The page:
Panama City, Republic of Panama, stting at the southern end of the Panama Canal, is one of the largest and most cosmopolitan cities in Central America. Yet, less than a thirty minte drive from the city's center is some of the most beautiful and dense rainforest to be found anywhere in the country. it is here, in Soberania Natonal Park, that one may visit the newly created Panamanian Rainforest Discovery Center.
Two years ago, while spending a few days in the city, I had the opportunity to meet the woman who would become the center's director. When Beatriz Schmidt heard that I was a tree climber and that I had worked with canopy researchers I got an immediate invitation to visit and climb at the site of the proposed center. They were looking for input on where they should place the one-hundred foot high cnopy tower to be constructed on the site. That tower is now a reality and stands less than twenty feet from one of the trees I climbed that day, and was placed exactly where I sugested.
On December thirteenth of this year I returned for a visit and to do some more climbing with some of their staff. I was quite tired from my fly-in the day before, so David Zimmerman, my host, and I, put up lines and made a couple of short climbs. The next day we would be sending others into the canopy.
The tree was a large guanacaste and stood more than a hundred feet high, with big limbs spread over more than an acre of forest. The big limbs were a great place to hang out. To fully explore the canopy of this tree would require several days of climbing and I saw the opportunity for future climbs without having to go even beyond this one tree.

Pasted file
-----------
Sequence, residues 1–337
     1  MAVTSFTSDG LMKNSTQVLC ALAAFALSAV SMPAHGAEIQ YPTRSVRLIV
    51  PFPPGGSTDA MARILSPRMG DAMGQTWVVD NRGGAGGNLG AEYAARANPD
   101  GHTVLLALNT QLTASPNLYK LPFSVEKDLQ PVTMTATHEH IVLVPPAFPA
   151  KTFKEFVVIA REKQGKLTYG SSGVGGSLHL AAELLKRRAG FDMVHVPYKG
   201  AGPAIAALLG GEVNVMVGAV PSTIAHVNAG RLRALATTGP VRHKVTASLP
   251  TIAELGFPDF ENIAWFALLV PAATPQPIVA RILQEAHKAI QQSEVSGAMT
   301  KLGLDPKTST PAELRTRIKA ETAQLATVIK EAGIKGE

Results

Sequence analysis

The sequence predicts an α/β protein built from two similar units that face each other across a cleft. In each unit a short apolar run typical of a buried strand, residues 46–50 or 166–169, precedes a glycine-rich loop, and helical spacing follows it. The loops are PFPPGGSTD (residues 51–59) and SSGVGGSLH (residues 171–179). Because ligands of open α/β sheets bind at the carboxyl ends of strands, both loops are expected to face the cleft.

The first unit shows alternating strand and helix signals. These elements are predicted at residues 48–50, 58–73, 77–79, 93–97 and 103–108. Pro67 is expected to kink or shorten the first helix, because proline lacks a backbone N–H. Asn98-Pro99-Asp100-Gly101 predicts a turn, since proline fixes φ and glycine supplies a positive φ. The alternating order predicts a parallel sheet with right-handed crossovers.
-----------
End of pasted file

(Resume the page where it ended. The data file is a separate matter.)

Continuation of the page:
The next morning, we were back early, got the ropes up, and the climbing began. First off the ground was Margelys Barria (in the blue tee shirt), one of the center's resident naturalists. Marge and I were old friends and she and I had climbed together before. She was hauling herself up the rope at full speed and I had to slow her down for photos. I climbed alongside of her, but as soon as I had my photos, I descended to send someone else up.
Juan Pablo Rios (tan shirt, bluejeans), another of the staff, was next and this was his first-ever climb on rope.No problem! It took a few minutes to get him started but then he was gone, heading upward.
Mica Schmitt, a former ITEC student, showed up about this time, ready to take her trip up the tree. Mica is now a tour guide/naturalist working in Panama, and she and I have climbed together often. Mica (white tee shirt) replaced Marge on her rope, and in moments had disappeared into the greenery overhead.
Marcial Caisamno was the last of the center staff to start up (tan shirt, tan lacks) and soon he was out of sight too. Marcial was another that had clmbed before and he was gone as fast as the rest of them.
Finally, my friend and host, David Zimmerman, connected himself to the rope and began his second foray into the canopy of this tree. David is an old friend from days at the ITEC Field Station and had climbed with me before. He now lives in Panama City and takes care of me when I pass through. David has found the yoyo system to be quite to his liking and is climbing better because of it.
The following morning we were back again and climbing a gigantic ficus tree that Marge wanted to climb. This tree was a bit more challenging, but an awesome climb nevertheless. Marge, David, Marcial, and I were the only climbers for this one, and we made relatively short work of it. Time to go. I will be on the way to the field station tomorrow.
Climbing at the Discovery Center has been good for their staff and good for our kind of climbing in general. They are now talking about offering climbing as an option for adventurous visitors. Recreational climbing techniques will play a major role in this and it is my hope to be here to help when it happens.